“I got some water on my pants when I washed my hands,” my four-year-old said. Never mind that the tell-tale signs of a peeing accident suggested that he was lying. Telling lies is normal and typically emerges during this age. But I still wanted to know the right way to handle his fibs and why kids lie in the first place.
Three- to five-year-olds grapple between reality and fantasy and lie to test those boundaries. Lying can even border on storytelling. My son talks about giants writing clouds and the latest antics of his stuffed animal, Ricky.
In these harmless cases, the best thing to do is to go with it. Encourage their imagination. They’re creating stories on the fly, while keeping the truth in the back of their minds.
Why kids lie and how to stop it
If not for tall tales and storytelling, why then do kids lie?
- Wishful thinking. Instead of, “I wish I hadn’t toppled over the plant,” kids will say, “I didn’t do it” as a way of wishing they hadn’t. It’s like their “command-Z” to undo what they just did.
- Not understanding. Kids will lie when they don’t always understand the situation. I’ve noticed my son will answer questions with lies rather than admit he doesn’t know.
- Getting attention. Kids will continue the actions that garner them the most attention, positive or negative. If your daughter gets attention when she lies, she’s continue spinning tales.
- Feeling important. Kids sometimes lie to bolster their self-esteem or feel like a big boy or big girl.
- Forgetting. Some kids tell lies because they forgot what they did. They really do think they ate all their dinner when they only took a few bites.
- Avoiding punishment. Lying seems like a way kids assume they’ll dodge consequences, anger, or disappointment.
What to do when kids lie
Kids lie as any adult would—for attention, to avoid punishment or to feel important. But sometimes it’s because of their age—forgetfulness, confusion, and a wild imagination.
Don’t bother asking, “Did you do [fill in the blank]?”
I’ve asked my son—knowing full well whether he did or not—”Did you [fill in the blank]?” Instead of setting kids up for lying or feeling guilty, show him how to resolve the issue. “Here’s a rag. Please help me clean up the spill.”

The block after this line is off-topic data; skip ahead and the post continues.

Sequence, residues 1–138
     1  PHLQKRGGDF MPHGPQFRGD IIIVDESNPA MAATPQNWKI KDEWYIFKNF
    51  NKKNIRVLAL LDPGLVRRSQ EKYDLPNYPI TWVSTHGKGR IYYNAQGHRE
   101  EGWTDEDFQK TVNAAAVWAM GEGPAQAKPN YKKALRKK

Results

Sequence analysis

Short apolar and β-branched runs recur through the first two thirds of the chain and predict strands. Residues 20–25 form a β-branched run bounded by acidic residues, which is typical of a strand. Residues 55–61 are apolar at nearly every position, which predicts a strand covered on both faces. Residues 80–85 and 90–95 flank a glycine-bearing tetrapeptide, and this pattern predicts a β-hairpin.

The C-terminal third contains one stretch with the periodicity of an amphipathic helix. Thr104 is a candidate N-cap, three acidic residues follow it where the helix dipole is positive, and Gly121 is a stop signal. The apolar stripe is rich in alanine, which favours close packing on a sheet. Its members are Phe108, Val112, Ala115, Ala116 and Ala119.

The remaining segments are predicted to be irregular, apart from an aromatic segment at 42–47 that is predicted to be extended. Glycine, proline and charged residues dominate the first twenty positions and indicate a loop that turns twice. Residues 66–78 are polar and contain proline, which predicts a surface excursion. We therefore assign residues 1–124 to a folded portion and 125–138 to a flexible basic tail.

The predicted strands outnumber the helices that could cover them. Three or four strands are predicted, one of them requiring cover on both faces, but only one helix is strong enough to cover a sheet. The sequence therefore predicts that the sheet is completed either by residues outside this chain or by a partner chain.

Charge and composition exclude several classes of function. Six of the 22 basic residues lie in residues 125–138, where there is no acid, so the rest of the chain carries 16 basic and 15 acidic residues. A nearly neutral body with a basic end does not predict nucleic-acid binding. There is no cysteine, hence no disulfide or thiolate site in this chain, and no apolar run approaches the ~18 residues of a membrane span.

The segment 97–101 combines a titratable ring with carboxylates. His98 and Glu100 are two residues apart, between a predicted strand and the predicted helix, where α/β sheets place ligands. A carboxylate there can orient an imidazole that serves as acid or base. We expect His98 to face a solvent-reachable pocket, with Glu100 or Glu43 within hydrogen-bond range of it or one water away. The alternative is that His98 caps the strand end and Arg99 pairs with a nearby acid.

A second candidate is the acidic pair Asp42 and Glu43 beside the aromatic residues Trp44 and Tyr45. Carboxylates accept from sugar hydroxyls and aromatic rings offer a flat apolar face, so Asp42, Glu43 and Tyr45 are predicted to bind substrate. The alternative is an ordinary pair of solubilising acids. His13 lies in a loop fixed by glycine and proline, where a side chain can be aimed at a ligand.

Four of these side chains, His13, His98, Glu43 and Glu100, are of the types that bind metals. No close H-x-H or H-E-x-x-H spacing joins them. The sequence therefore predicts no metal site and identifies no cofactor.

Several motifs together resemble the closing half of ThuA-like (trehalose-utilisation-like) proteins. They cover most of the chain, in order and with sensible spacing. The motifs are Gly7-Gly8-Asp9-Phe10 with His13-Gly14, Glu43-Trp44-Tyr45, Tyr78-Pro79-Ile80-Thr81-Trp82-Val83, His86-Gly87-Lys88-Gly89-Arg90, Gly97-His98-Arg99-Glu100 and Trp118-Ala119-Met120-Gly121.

Empathize—and don’t judge—when your child passes the blame on someone else.
My son has a stuffed animal named Ricky, aka his alter ego responsible for his every misdeed. If we reprimand him for yelling when he’s not supposed to, he’ll respond with, “Remember when Ricky yelled really loud—like this—’aaaaaahh!!’ and he got in trouble?”
I can see why he would pass the blame onto someone (or something) else. He doesn’t want to assume the consequences, or perhaps feels guilty or embarrassed. Instead of being too quick to judge, empathize. “You didn’t want me to get mad at you, but I like it when you tell me that you did it.”
Keep your vocabulary positive.
Note the difference between “It’s bad to lie” vs “It’s important to tell the truth.” We don’t shame kids when we keep our words positive. And we don’t sacrifice authority and the importance of the message. Negativity can also lead them to label themselves as bad or encourage them to hide their misdeeds.
Aim for open communication where you base your relationship on safety and trust. I hope my kids will feel like they can come to me for anything, even if they’ve done something wrong.
Praise your kids for telling the truth.
Praise the behavior you value and would like to continue. When your child admits to have broken a DVD, praise him for owning up to his mistakes. “You weren’t supposed to play with the DVDs and I wish you hadn’t, but I’m glad you told me the truth.” You don’t approve of the misbehavior but can be glad he admitted his fault.
Work with your kids to fix the mistake.
If your child lies about a situation she can resolve, recruit her help in fixing the mistake. Ask her to fetch the rags and help wipe the water she spilled on the dining table. This will show her she can fix her mistakes without the need to lie.
Don’t get angry when your kids misbehave.
Easier said than done, right? But one of the main reasons kids lie is to avoid The Wrath of Mom. Sure, they don’t want to get in trouble, but they especially don’t want to see you upset at them.
Do your best to keep your temper under control to encourage your kids to tell the truth. If the consequence to telling the truth is you getting mad, how likely will they tell the truth the next time?
Instead, reassure your child you won’t get mad when he admits the truth. And stick to it. That doesn’t mean his actions won’t bear consequences, but you can give them calmly.
I don’t expect lying to go away any time soon, but I do want to confront the habit in a positive way. In the meantime, I assume “Ricky” will be doing more misdeeds around the house.
Get more tips:
- How to Stop Your Child from Interrupting and What to Do Instead
- The Benefits of Fostering Gratitude
- 10 Children’s Books about Making the World a Better Place
- Are You Responding Correctly when Your Kid Says a Bad Word?
- How to Raise a Kind Child
Tell me in the comments: What are your thoughts on why kids lie? What are some of the things your kids have lied about?
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